This brings us to Bennett v. Associated Food Stores, Inc., 118 Ga. App. 711 (165 SE2d 581), the case primarily relied upon by the appellee, the only case brought to our attention which was decided under the current Civil Procedure Act, and the only one where the direction of a verdict for the defendant because of a failure to prove damages (in that case, the damages resulting to the lessor of equipment because of failure to prove the amount of its net loss resulting from the breach) was affirmed on appeal. The reason given was that the rule does not apply "when only special damages are sued for and these are not recoverable." The court cited Darlington Corp. v. Evans, supra, and Haber &c. Co. v. Southern Bell &c. Co., 118 Ga. 874 (45 SE 696), a tort action, in support of its ruling. Examination of both these cases indicates that the plaintiff was proceeding on a theory which precluded it from recovery. We must assume, in favor of the Bennett case, that the same situation obtained there, although it is not developed one way or the other in the opinion.
In the present case, the plaintiff's evidence requires a finding that there was a contract between the parties, that the contract was in fact breached, that the plaintiff was damaged in the amount of per diem rentals lost by failure to give a 90-day notice less expenses of complying with the contract for the same period, and that there would in fact have been expenses of these items reasonably capable of proof, although on the trial the proof offered by *581 the plaintiff was properly rejected because of its hearsay character. It is not necessary, to obtain nominal damages, that one allege or prove that he would have had a profit in the work. Roberts v. Glass, supra, p. 458.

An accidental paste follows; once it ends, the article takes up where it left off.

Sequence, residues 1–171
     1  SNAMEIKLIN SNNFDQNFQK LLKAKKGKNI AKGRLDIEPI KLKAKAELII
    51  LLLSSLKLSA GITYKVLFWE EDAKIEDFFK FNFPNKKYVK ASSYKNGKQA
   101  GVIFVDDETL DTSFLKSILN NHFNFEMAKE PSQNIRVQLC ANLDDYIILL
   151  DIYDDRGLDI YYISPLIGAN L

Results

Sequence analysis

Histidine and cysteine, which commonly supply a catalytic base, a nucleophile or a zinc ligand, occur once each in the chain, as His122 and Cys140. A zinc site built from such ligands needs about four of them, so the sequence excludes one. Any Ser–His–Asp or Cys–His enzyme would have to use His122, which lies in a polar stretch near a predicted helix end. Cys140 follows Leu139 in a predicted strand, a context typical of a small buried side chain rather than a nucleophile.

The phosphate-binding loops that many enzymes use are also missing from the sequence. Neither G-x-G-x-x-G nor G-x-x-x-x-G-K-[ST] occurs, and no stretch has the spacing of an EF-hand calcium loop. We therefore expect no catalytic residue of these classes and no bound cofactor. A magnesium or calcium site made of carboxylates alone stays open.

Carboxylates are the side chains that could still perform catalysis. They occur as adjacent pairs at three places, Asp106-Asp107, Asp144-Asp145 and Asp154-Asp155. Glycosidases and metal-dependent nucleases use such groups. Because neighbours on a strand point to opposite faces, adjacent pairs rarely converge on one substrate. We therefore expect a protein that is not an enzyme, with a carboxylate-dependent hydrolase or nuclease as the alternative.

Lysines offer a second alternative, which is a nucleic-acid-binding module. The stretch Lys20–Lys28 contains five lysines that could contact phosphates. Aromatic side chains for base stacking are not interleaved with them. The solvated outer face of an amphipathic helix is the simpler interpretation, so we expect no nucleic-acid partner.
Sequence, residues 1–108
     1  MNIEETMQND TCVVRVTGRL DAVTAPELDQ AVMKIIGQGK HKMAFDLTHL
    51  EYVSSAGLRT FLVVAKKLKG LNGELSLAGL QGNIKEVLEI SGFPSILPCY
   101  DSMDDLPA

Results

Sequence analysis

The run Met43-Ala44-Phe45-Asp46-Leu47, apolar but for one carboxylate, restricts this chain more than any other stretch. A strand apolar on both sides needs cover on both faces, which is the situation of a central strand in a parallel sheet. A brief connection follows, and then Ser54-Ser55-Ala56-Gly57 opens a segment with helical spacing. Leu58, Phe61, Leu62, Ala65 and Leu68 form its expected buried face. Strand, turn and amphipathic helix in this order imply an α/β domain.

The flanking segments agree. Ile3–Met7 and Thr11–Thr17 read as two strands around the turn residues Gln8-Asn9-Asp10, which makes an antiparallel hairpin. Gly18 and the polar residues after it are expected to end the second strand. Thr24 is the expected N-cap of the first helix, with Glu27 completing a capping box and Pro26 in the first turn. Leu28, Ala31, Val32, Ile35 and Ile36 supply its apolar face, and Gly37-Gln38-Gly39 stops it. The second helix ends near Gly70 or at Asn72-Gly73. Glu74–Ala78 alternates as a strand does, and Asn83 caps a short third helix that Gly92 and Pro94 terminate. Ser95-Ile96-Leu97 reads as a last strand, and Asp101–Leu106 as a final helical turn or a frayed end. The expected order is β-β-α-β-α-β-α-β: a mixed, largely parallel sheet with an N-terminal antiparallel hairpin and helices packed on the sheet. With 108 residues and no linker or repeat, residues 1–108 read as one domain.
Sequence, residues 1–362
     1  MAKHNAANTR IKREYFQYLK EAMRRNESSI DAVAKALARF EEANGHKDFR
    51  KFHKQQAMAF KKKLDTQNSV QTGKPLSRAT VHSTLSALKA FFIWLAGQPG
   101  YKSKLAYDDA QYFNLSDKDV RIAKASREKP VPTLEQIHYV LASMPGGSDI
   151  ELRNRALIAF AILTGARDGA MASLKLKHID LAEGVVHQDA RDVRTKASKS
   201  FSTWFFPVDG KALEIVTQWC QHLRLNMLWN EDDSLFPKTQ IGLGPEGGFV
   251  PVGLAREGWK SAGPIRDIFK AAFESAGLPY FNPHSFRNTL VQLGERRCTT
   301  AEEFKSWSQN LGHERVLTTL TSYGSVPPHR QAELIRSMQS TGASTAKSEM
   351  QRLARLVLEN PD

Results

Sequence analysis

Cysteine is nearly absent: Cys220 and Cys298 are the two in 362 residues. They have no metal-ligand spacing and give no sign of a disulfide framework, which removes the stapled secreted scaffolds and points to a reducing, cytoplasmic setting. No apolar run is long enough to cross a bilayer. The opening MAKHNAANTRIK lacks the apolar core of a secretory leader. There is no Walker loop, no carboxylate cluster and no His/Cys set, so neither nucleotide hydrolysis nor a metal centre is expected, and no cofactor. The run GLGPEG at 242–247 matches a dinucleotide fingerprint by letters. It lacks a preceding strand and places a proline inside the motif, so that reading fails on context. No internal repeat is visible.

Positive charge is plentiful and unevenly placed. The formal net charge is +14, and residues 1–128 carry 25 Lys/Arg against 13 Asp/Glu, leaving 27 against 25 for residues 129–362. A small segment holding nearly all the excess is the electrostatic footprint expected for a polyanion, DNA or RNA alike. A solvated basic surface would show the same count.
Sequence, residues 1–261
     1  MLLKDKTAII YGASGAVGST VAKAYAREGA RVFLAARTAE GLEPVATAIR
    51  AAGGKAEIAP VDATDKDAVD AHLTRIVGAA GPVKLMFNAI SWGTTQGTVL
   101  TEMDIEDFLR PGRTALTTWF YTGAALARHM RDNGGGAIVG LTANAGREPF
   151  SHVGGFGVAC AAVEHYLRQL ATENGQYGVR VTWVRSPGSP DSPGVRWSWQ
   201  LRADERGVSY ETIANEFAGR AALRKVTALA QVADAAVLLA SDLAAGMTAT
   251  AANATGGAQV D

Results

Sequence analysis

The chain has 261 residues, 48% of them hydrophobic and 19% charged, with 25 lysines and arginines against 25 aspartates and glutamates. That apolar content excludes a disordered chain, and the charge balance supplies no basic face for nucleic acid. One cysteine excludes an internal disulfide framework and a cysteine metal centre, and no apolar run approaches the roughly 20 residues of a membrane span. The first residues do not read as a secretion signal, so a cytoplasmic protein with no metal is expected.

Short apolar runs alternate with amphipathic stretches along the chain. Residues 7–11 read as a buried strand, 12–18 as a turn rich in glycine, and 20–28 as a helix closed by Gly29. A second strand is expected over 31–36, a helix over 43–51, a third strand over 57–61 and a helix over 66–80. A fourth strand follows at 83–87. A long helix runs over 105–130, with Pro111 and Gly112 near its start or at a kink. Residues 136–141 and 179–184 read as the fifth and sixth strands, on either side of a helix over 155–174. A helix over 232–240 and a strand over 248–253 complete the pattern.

It was accordingly error in this case, where only general damages were pleaded, a breach of contract was proved, and nominal damages at least would have been recoverable, to direct a general verdict in favor of the defendant.
Judgment reversed. Stolz and Marshall, JJ., concur.